One per cent vision, 99 per cent alignment

George Luck

This is the second article in a three-part series exploring what constitutes a successful business strategy and how to communicate it effectively.

In article two of our three-part look at strategy, we quote Jim Collins and Jerry Porras: “Building a visionary company requires one per cent vision and 99 per cent alignment.” Not every company needs to be visionary, but the essence of this quote is spot on when it comes to implementing and discussing strategy.

I find it coincidental that the front part of an annual report is called the strategic report, but that strategy often does not seem to be in the driving seat. This happens for two reasons. Firstly, as we discovered in the first article in this series, strategy is relative; companies often publish formal CEO-level rather than board-level strategies. Secondly, the reported strategy is articulated as a collection of data points rather than a way to achieve a stated outcome.

Strategy in action, everywhere

Many consultants’ curse is the siloed approach and the strategy ‘section’. Too many companies think about the compliance angle and try to lump all their relevant content in one place so it’s easy to find, coming at a cost to the overall story. A strategy ‘section’ should, at most, outline the strategy and how you’re measuring it, include a brief discussion of why it matters, and link to other sections. This allows you to give readers a high-level understanding of the strategy early on, and to discuss how it impacts or informs other functions of the business. You should weave an outcome-based strategy throughout the strategic report. For example, how do the markets you operate in and your stakeholder engagement inform your strategy? How does your strategy impact your business model and risk management?

Beyond the strategic report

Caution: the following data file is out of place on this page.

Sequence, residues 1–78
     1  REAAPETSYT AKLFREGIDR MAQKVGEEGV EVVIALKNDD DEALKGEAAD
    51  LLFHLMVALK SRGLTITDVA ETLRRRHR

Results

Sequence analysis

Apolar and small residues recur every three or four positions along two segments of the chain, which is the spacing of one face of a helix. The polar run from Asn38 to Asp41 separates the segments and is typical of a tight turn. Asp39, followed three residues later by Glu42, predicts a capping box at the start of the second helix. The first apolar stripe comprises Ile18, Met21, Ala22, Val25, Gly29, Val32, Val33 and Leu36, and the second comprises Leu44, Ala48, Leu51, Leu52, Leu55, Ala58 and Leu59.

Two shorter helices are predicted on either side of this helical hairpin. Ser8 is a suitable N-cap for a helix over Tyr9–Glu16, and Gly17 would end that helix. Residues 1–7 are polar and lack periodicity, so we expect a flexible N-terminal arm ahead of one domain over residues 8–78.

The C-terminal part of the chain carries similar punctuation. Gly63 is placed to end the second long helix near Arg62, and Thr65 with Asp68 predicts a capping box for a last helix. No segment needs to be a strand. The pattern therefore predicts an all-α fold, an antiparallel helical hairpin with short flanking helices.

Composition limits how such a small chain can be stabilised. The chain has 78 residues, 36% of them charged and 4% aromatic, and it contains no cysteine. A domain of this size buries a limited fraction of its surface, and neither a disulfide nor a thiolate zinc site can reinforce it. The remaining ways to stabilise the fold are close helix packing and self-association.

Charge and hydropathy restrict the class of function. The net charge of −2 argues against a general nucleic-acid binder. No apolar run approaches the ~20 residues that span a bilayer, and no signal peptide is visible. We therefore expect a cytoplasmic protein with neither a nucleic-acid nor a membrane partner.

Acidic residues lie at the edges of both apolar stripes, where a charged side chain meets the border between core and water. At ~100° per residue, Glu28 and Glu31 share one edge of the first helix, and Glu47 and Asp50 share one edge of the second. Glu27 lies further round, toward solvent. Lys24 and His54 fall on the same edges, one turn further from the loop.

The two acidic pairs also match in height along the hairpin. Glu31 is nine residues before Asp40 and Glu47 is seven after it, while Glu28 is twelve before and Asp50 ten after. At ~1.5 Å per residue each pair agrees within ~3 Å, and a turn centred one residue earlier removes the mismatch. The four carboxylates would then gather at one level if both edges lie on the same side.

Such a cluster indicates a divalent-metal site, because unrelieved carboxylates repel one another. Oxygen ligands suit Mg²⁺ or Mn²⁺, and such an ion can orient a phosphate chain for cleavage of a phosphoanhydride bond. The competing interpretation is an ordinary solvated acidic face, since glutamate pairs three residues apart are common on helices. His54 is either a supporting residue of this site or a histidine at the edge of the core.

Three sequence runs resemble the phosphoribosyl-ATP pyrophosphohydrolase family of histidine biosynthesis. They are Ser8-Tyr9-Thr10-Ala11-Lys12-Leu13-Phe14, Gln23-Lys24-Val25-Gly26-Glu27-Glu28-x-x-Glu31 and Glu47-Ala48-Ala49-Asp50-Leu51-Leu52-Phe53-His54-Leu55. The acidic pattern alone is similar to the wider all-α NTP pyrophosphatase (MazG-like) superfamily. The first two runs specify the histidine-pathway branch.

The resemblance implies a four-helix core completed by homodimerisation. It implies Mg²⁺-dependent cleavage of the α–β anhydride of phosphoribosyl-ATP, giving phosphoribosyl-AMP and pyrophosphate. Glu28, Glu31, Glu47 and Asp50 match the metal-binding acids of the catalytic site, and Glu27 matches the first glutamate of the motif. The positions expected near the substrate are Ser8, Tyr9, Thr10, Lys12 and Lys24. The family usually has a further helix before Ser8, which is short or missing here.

The name ‘strategic report’ seemingly infers that strategy should be omitted from other areas of the annual report. Still, strategy is as essential in the governance section as it is upfront. The board is responsible for delivering purpose through the company’s strategy. Therefore, the governance section should demonstrate how governance structures and leadership support the company’s strategy. Often, this is left to the wayside to show compliance with the Code and other nice-to-haves. Failure to align your governance reporting with the broader strategy story is often where companies come unstuck, and their communications become disconnected.

Outside of the annual report, the story of strategy remains vital for properly joined up stakeholder communications. You can use your strategy to discuss and frame topics online whether that is for your people, suppliers, investors, regulators or media. Often, we see purpose as the guiding light and a set of performance indicators with no clear pathway between the two. Strategy is the conduit that helps your audiences bridge the gap between what you’ve done and what you’re trying to achieve.

In short, your strategy needs to facilitate discussion throughout your communications. It is simultaneously the driver for your company’s future and the prism through which your audiences judge you on what you have delivered. In this series’ third and final part, we will discuss how to measure your strategy and its impact.

If you’d like to discuss this, or any other subject, please get in touch with Richard Costa, Senior Corporate Communications Consultant at

We’d love to know what you think.


George Luck

One per cent vision, 99 per cent alignment

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